Julie said...

This sounds pretty fabulous, and completely different from any chili I've ever made before. I'm looking forward to making it.

Vanessa said...

Wow! Your writing is incredible and your photos are even better! My mouth is watering and it hasn't tasted beef in 5 years! Wonderful to meet you yesterday: I'm going to email you for photo tips!

Mae said...

I love your blog! and i love you! (ok, that last part sound a little creepy but i do!). Your writing is excellent. Very engaging.

One day, i'm going to set aside 4 hours for a Texan Chilli cooking marathon.

Homesick Texan said...

Style Scout--Thanks! I look forward to seeing you again.

Chicken Fried Gourmet--I agree. Anchos are my favorite chile.

Harry--I cook OK, but I'd love to find that perfect restaurant.

Julie--if you make it, let me know how it turns out.

Vanessa--I can't imagine a life without beef. I admire your convictions.

Mae--Thank you for stopping by! Your blog is a joy to read as well.

photocharmkit said...

that sounds delicious :-)

Photo Jewelry Making said...

that looks delicious :-)

Anonymous said...

Hi, I came across your blog while surfing around and was tempted to try this recipe even though I've no idea what Texan chili should taste like. Being a Southeast Asian, I'm completely used to spicy food, but wow, did my mouth and stomach burn! My parents enjoyed it as much as I did too.

However, I ran into a problem - we don't sell ancho chiles here, so I subbed in dried chilli. Does it affect the taste, I wonder? And I'd also like to ask what kind of spices you use in the improvisatory bit - I used cumin, rosemary, cardamom, paprika and bay leaves so I'm wondering if the taste did end up rather unlike what Texan chili should taste like.

In all, thanks for this recipe! I had a lot of fun cooking and worrying over my chili. I'm going to try your habenero peach salsa next. (:

Gwen

persis said...

It's very elusive, that perfect pitch in chili. Also drawing out the fire from the chili. I'm going to try mixing my own chili powder next.

This is my third pot, attempted in 2 continents. The first two were stirred up in Houston, Texas. The current one is bubbling away on the stove in a teeny London apartment at the moment, where it is warm and balmy (thank God!).

Thank you, Lisa, for the recipes. My fiance was (not anymore, cos he's back!) a homesick Texan too, and you've been invaluable in helping me make him happy! Moving to Houston after our wedding in November, and looking forward to more delicious inspirations from you.

Jim Gomes said...

Another homesick Texan here - writing from the left coast - the weather never really has the chill in the air that says"it's a Texas chili night tonight" here in SoCal but I found your blog while searching for a migas recipe. I'll be testing this version of Texas chili real soon. Thanks! Jim

Meredith said...

I have to say that I disagree with your discounting of olive oil. It's definitely non-traditional, but the peppery sheen of a good middle eastern extra virgin is a nice replacement for lard or suet.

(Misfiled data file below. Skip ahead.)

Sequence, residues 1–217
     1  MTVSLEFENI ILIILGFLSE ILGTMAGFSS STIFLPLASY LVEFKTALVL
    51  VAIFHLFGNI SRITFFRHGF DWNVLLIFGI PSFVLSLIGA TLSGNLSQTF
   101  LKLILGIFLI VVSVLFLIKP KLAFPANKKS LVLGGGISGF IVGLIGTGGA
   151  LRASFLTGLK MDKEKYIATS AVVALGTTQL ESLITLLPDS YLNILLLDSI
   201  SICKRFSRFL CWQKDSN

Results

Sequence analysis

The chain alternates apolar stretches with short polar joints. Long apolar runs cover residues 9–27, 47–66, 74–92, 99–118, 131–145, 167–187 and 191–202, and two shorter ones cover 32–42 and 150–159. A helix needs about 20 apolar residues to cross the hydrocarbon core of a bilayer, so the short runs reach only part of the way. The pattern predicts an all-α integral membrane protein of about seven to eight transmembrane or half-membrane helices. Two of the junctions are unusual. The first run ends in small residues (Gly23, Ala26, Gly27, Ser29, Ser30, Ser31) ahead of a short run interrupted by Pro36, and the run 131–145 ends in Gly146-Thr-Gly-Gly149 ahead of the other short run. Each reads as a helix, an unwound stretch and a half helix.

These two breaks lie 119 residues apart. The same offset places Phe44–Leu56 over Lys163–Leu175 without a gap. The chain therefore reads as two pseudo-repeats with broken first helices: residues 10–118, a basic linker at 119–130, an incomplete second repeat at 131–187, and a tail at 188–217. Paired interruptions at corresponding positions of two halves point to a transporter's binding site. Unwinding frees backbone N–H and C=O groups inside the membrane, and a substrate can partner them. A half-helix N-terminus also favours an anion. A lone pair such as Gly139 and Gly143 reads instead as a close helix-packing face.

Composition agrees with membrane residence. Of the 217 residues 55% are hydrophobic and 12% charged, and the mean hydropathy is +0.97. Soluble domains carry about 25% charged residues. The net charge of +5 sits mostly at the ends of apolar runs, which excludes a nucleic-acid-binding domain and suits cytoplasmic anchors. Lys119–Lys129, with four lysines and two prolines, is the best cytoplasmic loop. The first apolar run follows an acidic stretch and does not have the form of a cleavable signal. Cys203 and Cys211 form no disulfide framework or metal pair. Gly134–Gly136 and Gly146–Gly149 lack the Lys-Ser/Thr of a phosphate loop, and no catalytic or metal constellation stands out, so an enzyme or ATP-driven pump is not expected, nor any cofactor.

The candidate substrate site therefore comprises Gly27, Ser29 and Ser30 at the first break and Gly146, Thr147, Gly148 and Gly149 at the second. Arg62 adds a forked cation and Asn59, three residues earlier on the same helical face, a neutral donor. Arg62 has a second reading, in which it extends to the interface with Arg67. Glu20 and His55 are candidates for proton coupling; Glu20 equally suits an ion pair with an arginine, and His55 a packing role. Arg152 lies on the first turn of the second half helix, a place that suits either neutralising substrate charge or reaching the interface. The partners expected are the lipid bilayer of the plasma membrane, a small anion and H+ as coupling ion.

Otherwise, a fantastic basis for chili improvisation!

Georgia said...

Heya!

I just moved to Texas from California a few months ago (though I'm a southerner by blood and manner) and your chili looks absolutely delicious! It's definitely going on the list of things to make for my hungry Texan boyfriend soon.

I have a rather newbie question though. What's the best cut of meat to use for chili? Will top round work? Or brisket?

Lisa (Homesick Texan) said...

Hi Georgia, I usually use chuck, but top round would work as would brisket. You can even do a combination of meats!

djc said...

You mention chopping peppers in the recipe instructions, but there are no peppers in the ingredient post. Did you mean sweet peppers? If so, red or green?

Lisa (Homesick Texan) said...

DJC--Sometimes I put red jalapenos in my chili.

mole1066 said...

Sorry, being dumb here. Where is the ingredients post?

Lisa (Homesick Texan) said...

Mole1066--There really isn't one spelled out in this series of posts, but there's this recipe: http://homesicktexan.blogspot.com/2009/02/more-precise-texas-chili-recipe.html

Jonathan said...

Love the blog - and can't wait to try your Texas red. But have you tried Cincinnati style chili? Skyline isn't really comparable to what-we-call-chili in Texas, but it's just as delicious!

Sara said...

Where do you get unsweetened mexican chocolate? I've only been able to find it sweetened, even when I search online. If I can't find it, is there a good substitute/home recipe?

Lisa (Homesick Texan) said...

Sara--You can use the regular sweetened discs, about a teaspoon or so. This is an old post and there used to be a store that sold it by me, but the store closed and I haven't seen it since. There's also this post with a more specific Texas chili recipe.

David Cunningham said...

Just made my first batch of Texas Red! As a fellow homesick Texan it was very enjoyable, I put on the Lyle Lovett myself. . . I will say that if you're in a dry climate it seems to need a LOT more liquid to keep it cooking long enough for the meat to get tender. Turned out really great though! Thanks!!

mtngrl said...

I've been Cookie, in fact I'm on my way to go be Cookie again in a couple of days. Well, maybe not exactly, but I cook for an outfitter here in Colorado for hunting seasons. Canvas tents, no running water, no electricity and cell phone coverage on rare occasions. Love the post - it's a version of my opening dish. One way to set the stage as to who is in charge of the food!
Actually I do mellow it out a bit for the clients. I go heavy on the pasilla and quajillo chilis and lighter on the Cayenne. Then just enough chipotles to evoke some real respect and that lovely smokey flavor. I use lard, it's easiest to keep and have on hand in a non-refrigerated world. Also, the distinctive quality in Mexican chocolate is a touch of cinnamon, so if you can't find the real stuff substitute unsweetened chocolate and a dash of cinnamon.